Nobody in the world is living in a literal house of blues, of cards, or of the rising sun. There are probably a few houses of horrors out there, as in Buffalo Bill’s home in Silence of the Lambs, but there’s only one office out there that could actually be made from Thomas Harris’ novel itself.
Berlin architects Ben and Daniel Dratz recently built the “Paper House,” a workspace created entirely from bales of recycled paper culled from local supermarkets. The brothers’ project was funded by a $200,000 grant rewarded to them by Essen’s Zollverein School of Management and Design. The 2,045 square-foot building was comprised of 550 paper bales, and though it was only meant to be a temporary project that tested the the bales’ integrity as building blocks, the brothers are keeping the building up to see how long it can stay up.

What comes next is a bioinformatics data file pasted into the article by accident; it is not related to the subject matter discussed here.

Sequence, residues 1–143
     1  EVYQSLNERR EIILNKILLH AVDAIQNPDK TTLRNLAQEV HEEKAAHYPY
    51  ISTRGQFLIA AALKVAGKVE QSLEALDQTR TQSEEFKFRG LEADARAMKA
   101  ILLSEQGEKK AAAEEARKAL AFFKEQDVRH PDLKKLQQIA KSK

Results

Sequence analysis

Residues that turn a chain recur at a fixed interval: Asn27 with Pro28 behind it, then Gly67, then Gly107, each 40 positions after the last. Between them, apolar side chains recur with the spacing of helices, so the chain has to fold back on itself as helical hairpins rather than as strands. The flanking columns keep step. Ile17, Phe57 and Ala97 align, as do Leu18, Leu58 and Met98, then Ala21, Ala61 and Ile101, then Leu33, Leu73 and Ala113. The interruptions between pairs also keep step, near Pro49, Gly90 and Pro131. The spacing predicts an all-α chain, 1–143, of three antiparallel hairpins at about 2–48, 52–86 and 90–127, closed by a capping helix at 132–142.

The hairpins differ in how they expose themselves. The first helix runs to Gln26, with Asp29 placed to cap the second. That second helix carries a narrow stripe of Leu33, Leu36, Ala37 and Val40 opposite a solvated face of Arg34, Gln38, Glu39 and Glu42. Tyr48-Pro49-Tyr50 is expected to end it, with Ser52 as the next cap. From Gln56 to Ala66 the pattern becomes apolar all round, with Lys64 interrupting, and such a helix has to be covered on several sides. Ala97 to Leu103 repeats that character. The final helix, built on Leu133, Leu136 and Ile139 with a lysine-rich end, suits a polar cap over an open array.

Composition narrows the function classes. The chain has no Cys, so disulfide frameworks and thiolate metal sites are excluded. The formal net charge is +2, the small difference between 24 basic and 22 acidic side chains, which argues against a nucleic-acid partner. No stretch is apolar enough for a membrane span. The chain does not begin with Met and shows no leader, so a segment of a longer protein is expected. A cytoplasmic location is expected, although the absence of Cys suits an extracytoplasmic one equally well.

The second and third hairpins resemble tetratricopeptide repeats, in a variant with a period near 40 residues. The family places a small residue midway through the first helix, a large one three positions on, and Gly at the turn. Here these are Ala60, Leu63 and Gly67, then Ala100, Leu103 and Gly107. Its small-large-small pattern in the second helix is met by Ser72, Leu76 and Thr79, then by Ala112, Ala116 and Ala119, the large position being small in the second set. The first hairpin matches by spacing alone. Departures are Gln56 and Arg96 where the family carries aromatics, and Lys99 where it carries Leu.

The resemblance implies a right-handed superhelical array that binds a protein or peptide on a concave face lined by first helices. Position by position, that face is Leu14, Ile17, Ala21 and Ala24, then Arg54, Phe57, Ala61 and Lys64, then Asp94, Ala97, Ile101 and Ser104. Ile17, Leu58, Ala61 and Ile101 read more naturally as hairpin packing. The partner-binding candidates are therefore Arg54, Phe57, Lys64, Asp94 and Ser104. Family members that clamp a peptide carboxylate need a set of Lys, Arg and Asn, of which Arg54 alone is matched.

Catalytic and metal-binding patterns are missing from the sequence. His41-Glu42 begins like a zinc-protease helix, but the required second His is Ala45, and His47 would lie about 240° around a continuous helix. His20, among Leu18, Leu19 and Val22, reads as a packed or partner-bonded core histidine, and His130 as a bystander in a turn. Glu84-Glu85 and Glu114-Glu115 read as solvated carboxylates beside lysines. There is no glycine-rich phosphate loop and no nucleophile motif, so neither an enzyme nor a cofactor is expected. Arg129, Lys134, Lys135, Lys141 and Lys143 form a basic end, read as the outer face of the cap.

Daniel describes their inspirations:
Rather unexpectedly, we passed by a recycling station and saw these bales of used paper. We were fascinated by the structural variety and by the fragments of compressed information – like traces of society. Later we discovered that these bales could be layered and stacked to form monolithic walls, and we recognized the potential for architectural projects.
For those cynical folks thinking, “Yeah, but it’d never survive a good rain,” it already has made it through several. The brothers call the untreated bales’ a “lamellar barrier,” and the outer areas facing the worst of the rains were able to dry out quickly, and allowed almost no moisture into the structure.
Somehow, I don’t think this would have the same heartwarming smell as a library or old bookstore, but there’s something incredibly cozy about living between the pages like this, and all while serving an ecological purpose. I’d say just put some Plexiglass on the outside of it and show me where to sign on the lease.